Following a complaint made to Guernsey’s Data Protection Authority (DPA) under section 67 of the Data Protection (Bailiwick of Guernsey) Law, 2017 (the Law)., an investigation was conducted. The complaint related to the alleged unauthorised disclosures of personal data as a result of repeated human error.
It was shown that Trinity Chambers sent files on email and in the post including highly confidential and sensitive personal details relating to the complainant and their family without appropriate security. This information was then unwittingly accessed by unconnected third parties who had no way of knowing the nature or sensitivity of the content.
Whilst the personal data involved did not constitute special category data as defined in the Law, it was highly sensitive and private for the individuals involved.
As a result of the investigation, the DPA determined that Trinity Chambers breached the Law in relation to the unauthorised disclosure of personal data to a third party.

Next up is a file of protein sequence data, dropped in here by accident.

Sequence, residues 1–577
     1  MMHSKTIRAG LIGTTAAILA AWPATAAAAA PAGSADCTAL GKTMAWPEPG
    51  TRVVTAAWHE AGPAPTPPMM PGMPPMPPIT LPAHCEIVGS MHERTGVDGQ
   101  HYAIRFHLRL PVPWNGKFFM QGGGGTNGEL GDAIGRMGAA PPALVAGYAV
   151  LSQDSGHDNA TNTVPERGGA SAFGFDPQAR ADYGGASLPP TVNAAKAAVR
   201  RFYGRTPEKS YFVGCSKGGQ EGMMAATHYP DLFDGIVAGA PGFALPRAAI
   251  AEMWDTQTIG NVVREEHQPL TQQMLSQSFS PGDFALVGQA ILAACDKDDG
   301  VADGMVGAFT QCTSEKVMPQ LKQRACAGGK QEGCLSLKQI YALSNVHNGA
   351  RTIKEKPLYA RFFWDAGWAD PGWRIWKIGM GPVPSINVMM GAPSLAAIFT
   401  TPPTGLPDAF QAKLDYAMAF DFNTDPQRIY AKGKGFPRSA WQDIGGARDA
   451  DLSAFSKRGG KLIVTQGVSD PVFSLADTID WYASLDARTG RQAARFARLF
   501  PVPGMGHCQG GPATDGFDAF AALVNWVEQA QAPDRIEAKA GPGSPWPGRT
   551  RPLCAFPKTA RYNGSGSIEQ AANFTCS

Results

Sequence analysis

The DPA has fined Trinity Chambers £10,000 to reflect the serious nature and impact of failing to look after personal data. The fine also reflects the lack of engagement by the controller and concerns that there has been a lack of appreciation of the potential wider impact of the breach for the individuals affected. Trinity Chambers had the right to appeal this fine but did not do so.
Guernsey Bailiwick’s Data Protection Commissioner, Emma Martins, commented: “The data protection law has the protection of individuals at its heart. The DPA will not hesitate to take proportionate and effective action in cases where the law has not been complied with. We have been disappointed that there is little evidence that the controller in this case engaged in a timely manner with the complaint or appreciated the impact of the breach on the individuals concerned. This is especially relevant considering the role that trust and confidentiality plays in the legal sector.
“Individuals have a right to expect that those organisations who have their information will look after it properly. In a small community, such as ours, the impact can be significant if that information is compromised. This case further highlights the role of human error; something we have previously highlighted on a number of occasions. We understand that mistakes get made but when that happens, organisations must respond quickly, engage early and learn from what has happened.”
Image by Brett Jordan